Purchasing the hotel marked a turning point in McIntire’s ministry and for Cape May. He was well-known for his dynamic preaching, radio broadcast called “Twentieth-Century Reformation Hour,” and publication titled “Christian Beacon Press.” 
According to his friend and former employee, Dr. Brad Gsell, McIntire  sought to enrich people’s lives in and outside of the pulpit. He envisioned a place where people could  enjoy Bible conferences, music, and programs in a wholesome environment.
Renamed the Christian Admiral, the hotel provided the environment McIntire sought. An alternative from the rock-and-roll culture, the Admiral offered seaside grandeur and traditional American charm. Marble columns, a Tiffany-style glass dome in the lobby, and a mosaic floor were restored by McIntire and friends.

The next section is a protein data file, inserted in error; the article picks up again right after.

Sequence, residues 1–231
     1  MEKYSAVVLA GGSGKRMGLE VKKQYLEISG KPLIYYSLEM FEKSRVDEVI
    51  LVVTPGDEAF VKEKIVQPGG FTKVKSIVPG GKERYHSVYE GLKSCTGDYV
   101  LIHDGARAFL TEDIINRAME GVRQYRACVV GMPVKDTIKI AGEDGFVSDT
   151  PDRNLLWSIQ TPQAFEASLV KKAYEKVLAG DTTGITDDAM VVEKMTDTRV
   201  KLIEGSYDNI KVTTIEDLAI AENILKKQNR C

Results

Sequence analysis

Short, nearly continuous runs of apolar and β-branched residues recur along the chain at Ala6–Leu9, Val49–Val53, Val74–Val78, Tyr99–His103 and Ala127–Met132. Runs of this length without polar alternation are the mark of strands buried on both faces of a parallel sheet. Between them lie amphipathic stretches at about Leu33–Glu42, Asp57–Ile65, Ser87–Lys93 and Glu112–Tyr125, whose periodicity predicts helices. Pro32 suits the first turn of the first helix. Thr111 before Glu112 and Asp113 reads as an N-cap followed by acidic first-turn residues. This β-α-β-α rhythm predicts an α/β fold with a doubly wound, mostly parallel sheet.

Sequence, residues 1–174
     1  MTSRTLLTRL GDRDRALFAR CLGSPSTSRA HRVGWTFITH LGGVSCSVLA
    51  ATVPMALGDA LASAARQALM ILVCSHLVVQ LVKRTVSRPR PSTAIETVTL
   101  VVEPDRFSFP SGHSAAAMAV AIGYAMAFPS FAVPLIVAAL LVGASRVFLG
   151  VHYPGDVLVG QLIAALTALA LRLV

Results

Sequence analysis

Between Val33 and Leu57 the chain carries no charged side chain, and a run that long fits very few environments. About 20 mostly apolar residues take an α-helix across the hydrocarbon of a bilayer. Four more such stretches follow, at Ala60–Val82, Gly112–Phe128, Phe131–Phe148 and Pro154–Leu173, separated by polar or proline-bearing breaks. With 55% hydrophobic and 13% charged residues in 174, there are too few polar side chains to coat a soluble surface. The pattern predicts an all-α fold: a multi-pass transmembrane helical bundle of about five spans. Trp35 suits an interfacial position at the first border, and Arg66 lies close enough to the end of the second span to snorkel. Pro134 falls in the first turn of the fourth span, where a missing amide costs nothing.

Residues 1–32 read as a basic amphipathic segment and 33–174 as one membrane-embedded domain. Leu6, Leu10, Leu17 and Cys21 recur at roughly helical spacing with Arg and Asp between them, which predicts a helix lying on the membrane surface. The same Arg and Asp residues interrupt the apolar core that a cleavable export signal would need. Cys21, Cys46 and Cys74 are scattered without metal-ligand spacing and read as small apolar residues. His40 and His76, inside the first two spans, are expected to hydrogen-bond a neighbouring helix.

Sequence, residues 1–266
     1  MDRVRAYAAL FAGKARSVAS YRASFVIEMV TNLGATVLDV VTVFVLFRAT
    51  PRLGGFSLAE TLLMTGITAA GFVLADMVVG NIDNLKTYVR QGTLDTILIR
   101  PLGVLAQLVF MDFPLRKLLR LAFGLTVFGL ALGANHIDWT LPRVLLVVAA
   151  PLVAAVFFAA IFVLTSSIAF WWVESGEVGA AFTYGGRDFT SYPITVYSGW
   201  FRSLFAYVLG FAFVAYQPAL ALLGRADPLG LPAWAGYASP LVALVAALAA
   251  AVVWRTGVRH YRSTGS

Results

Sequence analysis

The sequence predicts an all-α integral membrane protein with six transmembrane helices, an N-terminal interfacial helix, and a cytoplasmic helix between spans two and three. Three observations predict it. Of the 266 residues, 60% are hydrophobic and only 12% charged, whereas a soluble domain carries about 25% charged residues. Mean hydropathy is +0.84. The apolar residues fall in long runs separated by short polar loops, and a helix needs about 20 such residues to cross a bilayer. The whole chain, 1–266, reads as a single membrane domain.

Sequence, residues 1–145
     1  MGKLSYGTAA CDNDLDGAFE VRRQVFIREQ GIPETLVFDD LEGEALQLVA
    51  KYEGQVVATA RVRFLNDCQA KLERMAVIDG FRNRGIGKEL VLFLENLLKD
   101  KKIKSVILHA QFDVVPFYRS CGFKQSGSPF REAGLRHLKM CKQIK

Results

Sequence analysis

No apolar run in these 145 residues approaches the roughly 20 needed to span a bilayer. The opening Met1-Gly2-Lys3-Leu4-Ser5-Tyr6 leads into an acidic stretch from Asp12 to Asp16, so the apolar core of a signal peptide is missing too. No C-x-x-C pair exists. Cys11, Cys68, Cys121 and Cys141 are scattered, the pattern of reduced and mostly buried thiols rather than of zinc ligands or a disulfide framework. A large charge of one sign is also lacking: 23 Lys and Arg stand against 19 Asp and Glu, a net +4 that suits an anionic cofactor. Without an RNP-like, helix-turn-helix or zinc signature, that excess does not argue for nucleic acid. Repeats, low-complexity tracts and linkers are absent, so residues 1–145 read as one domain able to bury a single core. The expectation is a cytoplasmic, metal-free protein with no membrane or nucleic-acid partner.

How Did McIntire Impact Cape May?
“He taught us to give,” Bashaw said, in an Oct. 2 phone interview, “to live in freedom with one another.” 
McIntire gave to the community, providing staff positions for locals and local craftsmen. The Admiral’s ballroom was converted into a conference and lecture room. An auditorium was added to the east wing.
Already in his mid-50s, McIntire’s energy was poured into developing a summer Christian community. Congress Hall was soon acquired, along with the Star Villa, the Windsor Hotel (lost to a fire), and the Virginia Hotel. 
Housing for staff and other employees also developed. 
The Christian Beacon Press functioned, in Cape May, fondly remembered by Gsell.